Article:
15. Focal decompositions for linear differential equations of the second order

    L. Birbrair

    2003-01-01

    two-points problems to itself such that the image of the focal decomposition associated to the first equation is a focal decomposition associated to the second one. In this paper, we present a complete classification for linear second-order equations with respect to this equivalence relation.

  16. On nonnegative solutions of second order linear functional differential equations

    Lomtatidze, Alexander; Vodstrčil, Petr

    2004-01-01

    Roč. 32, č. 1 (2004), s. 59-88 ISSN 1512-0015 Institutional research plan: CEZ:AV0Z1019905 Keywords : second order linear functional differential equations * nonnegative solution * two-point boundary value problem Subject RIV: BA - General Mathematics

  17. Non-linear second-order periodic systems with non-smooth potential

    In this paper we study second order non-linear periodic systems driven by the ordinary vector -Laplacian with a non-smooth, locally Lipschitz potential function. Our approach is variational and it is based on the non-smooth critical point theory. We prove existence and multiplicity results under general growth conditions on ...

  18. Non-linear second-order periodic systems with non-smooth potential

    R. Narasimhan (Krishtel eMaging) 1461 1996 Oct 15 13:05:22

    Abstract. In this paper we study second order non-linear periodic systems driven by the ordinary vector p-Laplacian with a non-smooth, locally Lipschitz potential function. Our approach is variational and it is based on the non-smooth critical point theory. We prove existence and multiplicity results under general growth ...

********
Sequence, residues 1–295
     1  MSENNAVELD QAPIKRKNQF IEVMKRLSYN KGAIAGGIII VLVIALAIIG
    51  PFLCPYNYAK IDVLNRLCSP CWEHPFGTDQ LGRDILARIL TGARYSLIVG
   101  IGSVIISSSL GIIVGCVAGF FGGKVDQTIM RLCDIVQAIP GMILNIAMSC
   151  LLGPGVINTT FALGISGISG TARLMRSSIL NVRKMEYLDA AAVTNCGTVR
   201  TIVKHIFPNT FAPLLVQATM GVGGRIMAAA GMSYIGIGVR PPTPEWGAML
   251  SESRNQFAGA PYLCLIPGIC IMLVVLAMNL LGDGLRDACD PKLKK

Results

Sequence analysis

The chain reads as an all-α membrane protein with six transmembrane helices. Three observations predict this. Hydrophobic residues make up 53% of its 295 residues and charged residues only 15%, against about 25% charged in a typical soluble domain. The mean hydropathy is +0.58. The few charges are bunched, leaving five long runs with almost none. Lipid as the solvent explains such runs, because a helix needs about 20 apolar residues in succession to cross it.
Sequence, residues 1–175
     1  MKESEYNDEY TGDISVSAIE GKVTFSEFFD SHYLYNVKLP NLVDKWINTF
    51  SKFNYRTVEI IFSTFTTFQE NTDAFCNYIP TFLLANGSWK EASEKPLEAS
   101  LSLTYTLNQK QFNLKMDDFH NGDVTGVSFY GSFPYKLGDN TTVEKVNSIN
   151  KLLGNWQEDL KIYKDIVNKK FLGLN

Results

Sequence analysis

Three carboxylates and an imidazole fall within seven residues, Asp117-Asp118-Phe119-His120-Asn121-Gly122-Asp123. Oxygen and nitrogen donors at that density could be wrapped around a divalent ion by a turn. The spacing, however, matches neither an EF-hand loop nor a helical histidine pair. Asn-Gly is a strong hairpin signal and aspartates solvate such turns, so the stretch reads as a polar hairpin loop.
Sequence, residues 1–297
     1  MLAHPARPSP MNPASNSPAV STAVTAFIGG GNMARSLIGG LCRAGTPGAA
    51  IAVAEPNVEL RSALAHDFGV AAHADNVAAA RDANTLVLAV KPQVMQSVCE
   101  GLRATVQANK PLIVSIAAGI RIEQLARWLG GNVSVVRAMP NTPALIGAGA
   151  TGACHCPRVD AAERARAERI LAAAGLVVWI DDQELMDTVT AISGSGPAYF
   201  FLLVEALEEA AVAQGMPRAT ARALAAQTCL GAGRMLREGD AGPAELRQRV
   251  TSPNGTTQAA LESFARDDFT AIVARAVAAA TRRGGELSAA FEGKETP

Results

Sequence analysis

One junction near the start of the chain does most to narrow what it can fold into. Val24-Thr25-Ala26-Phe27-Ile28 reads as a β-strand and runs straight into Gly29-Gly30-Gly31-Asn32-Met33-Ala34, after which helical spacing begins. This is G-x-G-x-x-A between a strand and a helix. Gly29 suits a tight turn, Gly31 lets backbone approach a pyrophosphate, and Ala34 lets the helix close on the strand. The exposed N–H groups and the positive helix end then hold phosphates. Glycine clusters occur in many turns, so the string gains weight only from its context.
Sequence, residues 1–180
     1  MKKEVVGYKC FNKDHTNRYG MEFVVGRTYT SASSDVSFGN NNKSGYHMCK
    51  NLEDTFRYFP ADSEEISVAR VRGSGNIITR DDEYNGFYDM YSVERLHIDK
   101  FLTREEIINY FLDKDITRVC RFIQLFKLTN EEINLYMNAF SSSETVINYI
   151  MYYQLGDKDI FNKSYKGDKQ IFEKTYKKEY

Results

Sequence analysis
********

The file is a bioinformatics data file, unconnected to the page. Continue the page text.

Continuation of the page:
19. EXISTENCE OF POSITIVE SOLUTION TO TWO-POINT BOUNDARY VALUE PROBLEM FOR A SYSTEM OF SECOND ORDER ORDINARY DIFFERENTIAL EQUATIONS

    2009-01-01

    In this paper, we consider a two-point boundary value problem for a system of second order ordinary differential equations. Under some conditions, we show the existence of positive solution to the system of second order ordinary differential equa-tions.

  20. Integrability of systems of two second-order ordinary differential equations admitting four-dimensional Lie algebras.

    Gainetdinova, A A; Gazizov, R K

    2017-01-01

    We suggest an algorithm for integrating systems of two second-order ordinary differential equations with four symmetries. In particular, if the admitted transformation group has two second-order differential invariants, the corresponding system can be integrated by quadratures using invariant representation and the operator of invariant differentiation. Otherwise, the systems reduce to partially uncoupled forms and can also be integrated by quadratures.

  1. Nonoscillation criteria for half-linear second order difference equations

    Došlý, Ondřej; Řehák, Pavel

    2001-01-01

    Roč. 42, - (2001), s. 453-464 ISSN 0898-1221 R&D Projects: GA ČR GA201/98/0677; GA ČR GA201/99/0295 Keywords : half-linear difference equation%nonoscillation criteria%variational principle Subject RIV: BA - General Mathematics Impact factor: 0.383, year: 2001

  2. Linear reversible second-order cellular automata and their first-order matrix equivalents

    Macfarlane, A. J.

    2004-11-01